Speaking of doing something difficult everyday, we were very glad to have our Riverside campers back from 4 days of climbing at Foster Falls. The group had a great time and campers told us all about their adventures in the woods. The biggest challenge for many was the 150 foot rappel, which is right next to a beautiful waterfall. Every RS camper successfully made it through, despite a few who are pretty nervous about heights. Their campers were proud of themselves and glad that they had pushed past their fears.

Tune in tomorrow to hear about more adventures!

Another Day of Opportunity

Dear Gwynn Valley Familes and Friends,

We are happy to report that our dining hall was full again this morning! All 11 cook out and camp out groups from last night made it back to downtown GV in time for breakfast this morning. Breakfast was abuzz with tales of fire building, s’more making, star gazing, and how well/poorly everyone slept in their camp out shelters. Following a delicious and filling breakfast of biscuits, cheddar cheese, scrambled eggs, fruit, cereal, milk and AJ (apple juice), everyone headed out to their 2nd B Day of Morning Discoveries with full bellies. As I walked around filming this morning, I witnessed many excellent moments of teaching. Filming is a wonderful way to observe campers and staff in activities because it allows you to enter and observe program in a way that doesn’t disrupt the flow of the lesson. Down at the stables, many of our campers were working on riding off lead in the ring. Archers were learning how to control their aim by trying to hit cards and milk jugs that were added to the targets they practiced with on Day 1. Our climbers were in the hemlock trees today instead of at the tower for exposure to a new kind of climbing. Mountain bikers progressed from open field and basic hill work to some of the single track trails we have here on camp property. In Outdoor Living Skills (OLS) our campers learned about dutch oven cooking and made a delicious pot of baked macaroni and cheese! Of course, this is just a glimpse of what we had going on. There were also campers weaving in crafts, paddling in kayaks, writing a musical to be performed later this session, making wind chimes and wheel throwing in pottery, milking goats down at the farm, and much more!!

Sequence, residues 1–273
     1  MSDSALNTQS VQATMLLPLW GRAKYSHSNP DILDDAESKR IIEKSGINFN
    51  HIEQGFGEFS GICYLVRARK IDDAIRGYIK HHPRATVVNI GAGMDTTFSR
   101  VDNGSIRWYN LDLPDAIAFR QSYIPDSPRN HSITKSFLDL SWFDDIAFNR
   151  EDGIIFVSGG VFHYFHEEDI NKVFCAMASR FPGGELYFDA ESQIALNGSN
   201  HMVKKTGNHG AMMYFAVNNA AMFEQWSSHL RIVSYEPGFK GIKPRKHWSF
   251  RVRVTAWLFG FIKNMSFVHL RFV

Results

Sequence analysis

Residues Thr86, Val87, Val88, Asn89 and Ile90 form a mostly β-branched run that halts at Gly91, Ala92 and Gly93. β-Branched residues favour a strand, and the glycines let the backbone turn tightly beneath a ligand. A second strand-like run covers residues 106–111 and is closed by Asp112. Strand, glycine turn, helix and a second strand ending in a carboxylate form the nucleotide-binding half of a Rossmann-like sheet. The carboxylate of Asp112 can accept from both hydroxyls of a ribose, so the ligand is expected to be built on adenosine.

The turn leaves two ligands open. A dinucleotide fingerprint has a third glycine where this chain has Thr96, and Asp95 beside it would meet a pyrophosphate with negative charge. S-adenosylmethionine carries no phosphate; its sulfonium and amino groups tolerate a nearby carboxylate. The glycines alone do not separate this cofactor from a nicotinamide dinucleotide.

Today was our first day of Open Houses, which is when we have leadership staff and program leaders visit cabin groups in their camp homes (the cabins) while cabin counselors take a 30 minute break to refresh themselves or prepare for program. During Open House, the visitors ask campers about camp life, cabin life, and their counselors. On a serious level, this gives campers the opportunity to discuss matters of concern with adults who are not directly involved with their cabin. On a fun level, this gives our staff who don’t live in a cabin the opportunity to hear about all the fun things going on in cabin life! Today, I had a Open House with our youngest boys cabin, Echo. Those boys are so much fun and they are having a BALL at camp! We heard a lot about their camp out last night, their ukelele-playing SIT, and the water gun ninja who sometime stop by on afternoons when they’re headed to the pool.